Klaus Franz, chairman of the Opel General Works Council and deputy chairman of the company’s governing supervisory board, says that it was challenging to convince some people of the need to change to this new way of working, that it took some three to four months. “Now they want training in the classroom,” he comments. Speaking of the high level of worker involvement in shaping the new Rüsselsheim way of working, he says, “Trade unions do more than protect members. They can shape the future and shape the new factory.”
Of the factory, he notes, “It sets a milestone for the future.”
This place with a long automotive past clearly has a long, productive future.
The Vectra that is going into production at the new Rüsselsheim plant is based on what is known as the global “Epsilon” architecture. This is a mid-sized architecture that will be used for a variety of vehicles, including the Saab 9-3. In the U.S. Epsilon will be used for the next-generation Chevrolet Malibu, Pontiac Grand Am, and yet-to-be-named Saturn (the current Saturn L-series is based on the current Opel Vectra). (The Saab will start production in the second half of ’02; the Malibu production is scheduled to start in early ’03; the Grand Am and Saturn will follow.) Gene Stefanyshyn is the vehicle line executive (VLE) overseeing the North American Epsilon models. Stefanyshyn’s background includes stints at the Saab Technical Center in Sweden and at Opel’s International Technical Development Center, which he says is helpful with regard to working with his international colleagues on the Epsilon variants.
Stefanyshyn was named a VLE in the fall of 1995, which makes him one of the original group to have that position. Some people have questioned having a single person in charge of more than one vehicle. Although he has various people working with him who have specific vehicle concerns (e.g., vehicle chief engineer; vehicle chief designer; purchasing person; quality person; etc.), he says that one of the advantages is that there is “one person who makes the decisions and lives the vehicles 24/7.” In earlier programs, he explains, there were numerous people involved, some of whom stayed with the program. Others, in effect, were just passing through. The VLE, he suggests, concentrates on the products. “The objective is to maximize the value to the customer.”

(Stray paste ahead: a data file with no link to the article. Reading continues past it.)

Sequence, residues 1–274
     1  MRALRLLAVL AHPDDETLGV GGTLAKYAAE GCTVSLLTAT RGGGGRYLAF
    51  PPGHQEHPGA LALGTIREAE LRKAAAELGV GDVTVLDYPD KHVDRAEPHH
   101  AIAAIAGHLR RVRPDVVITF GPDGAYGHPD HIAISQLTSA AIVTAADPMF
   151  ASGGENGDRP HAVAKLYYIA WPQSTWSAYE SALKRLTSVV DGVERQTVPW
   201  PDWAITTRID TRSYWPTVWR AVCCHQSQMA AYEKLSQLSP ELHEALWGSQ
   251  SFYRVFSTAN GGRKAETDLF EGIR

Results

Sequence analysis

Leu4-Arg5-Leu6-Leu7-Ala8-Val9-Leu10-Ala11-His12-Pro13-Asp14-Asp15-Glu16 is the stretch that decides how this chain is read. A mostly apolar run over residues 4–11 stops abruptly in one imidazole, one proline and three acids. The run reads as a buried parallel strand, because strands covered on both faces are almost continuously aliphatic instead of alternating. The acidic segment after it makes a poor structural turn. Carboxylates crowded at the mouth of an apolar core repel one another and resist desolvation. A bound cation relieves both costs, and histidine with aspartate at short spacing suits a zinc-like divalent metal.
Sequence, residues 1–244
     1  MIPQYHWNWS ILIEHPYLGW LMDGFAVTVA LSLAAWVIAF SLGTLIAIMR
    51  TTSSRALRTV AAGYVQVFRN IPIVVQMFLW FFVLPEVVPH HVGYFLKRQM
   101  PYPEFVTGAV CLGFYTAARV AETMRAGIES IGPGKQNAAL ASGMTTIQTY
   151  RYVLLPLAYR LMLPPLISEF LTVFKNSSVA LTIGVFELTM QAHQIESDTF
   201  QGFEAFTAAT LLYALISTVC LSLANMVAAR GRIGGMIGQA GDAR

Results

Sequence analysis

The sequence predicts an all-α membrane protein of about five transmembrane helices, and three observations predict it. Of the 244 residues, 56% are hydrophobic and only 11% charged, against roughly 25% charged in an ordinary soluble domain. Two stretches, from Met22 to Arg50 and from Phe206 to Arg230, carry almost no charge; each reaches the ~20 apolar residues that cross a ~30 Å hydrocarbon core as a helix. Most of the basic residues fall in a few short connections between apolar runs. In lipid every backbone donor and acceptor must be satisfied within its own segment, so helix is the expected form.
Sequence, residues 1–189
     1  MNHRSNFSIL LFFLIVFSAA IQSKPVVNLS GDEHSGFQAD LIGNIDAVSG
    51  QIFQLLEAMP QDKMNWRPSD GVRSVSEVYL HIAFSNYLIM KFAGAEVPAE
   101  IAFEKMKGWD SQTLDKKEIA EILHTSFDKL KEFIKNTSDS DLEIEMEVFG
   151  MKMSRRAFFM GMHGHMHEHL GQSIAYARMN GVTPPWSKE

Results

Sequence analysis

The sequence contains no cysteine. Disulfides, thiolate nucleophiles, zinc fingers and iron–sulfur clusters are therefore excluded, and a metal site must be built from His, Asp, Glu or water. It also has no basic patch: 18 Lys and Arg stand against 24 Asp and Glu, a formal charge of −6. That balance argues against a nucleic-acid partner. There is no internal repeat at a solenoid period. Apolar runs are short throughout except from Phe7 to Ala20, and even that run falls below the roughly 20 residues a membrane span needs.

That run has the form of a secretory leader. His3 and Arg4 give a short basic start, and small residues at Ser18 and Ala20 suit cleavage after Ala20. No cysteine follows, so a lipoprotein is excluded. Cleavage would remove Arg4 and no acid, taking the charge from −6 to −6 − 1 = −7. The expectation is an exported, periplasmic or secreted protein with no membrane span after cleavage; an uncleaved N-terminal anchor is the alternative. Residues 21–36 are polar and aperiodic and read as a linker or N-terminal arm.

Which leads to another point in the VLE’s favor: There is the possibility of achieving good manufacturing flexibility by doing such things as using common components where they make sense (e.g., there will be a common seat frame for the Malibu and the Grand Am, but the seat’s other elements will be distinctive to the models). There is an awareness that “common” is most effective in places where people don’t see them; there is not a desire to have someone who buys one brand to see that there are the same touch points as in another.
Which leads to still another point: While there might be criticism that a VLE might lead to too much “sameness” between vehicles on the same platform, Stefanyshyn suggests that the opposite can hold true. By knowing all of the vehicles, the VLE can work to make sure that there are differences among models. (It is also worth noting that a platform isn’t a single size, as there will be both differences in length—as in longer for something like a wagon—and mass. There will be front-wheel and all-wheel drive capabilities.)
Here’s one thing that you rarely hear and would like to from more people in the industry: “It’s fun to work on a car and to see it at all stages, knowing that one day people will drive them.” Think about that: (1) fun working; (2) enjoyment in the process; (3) concern/interest in customers. More companies need people like Gene Stefanyshyn working for them.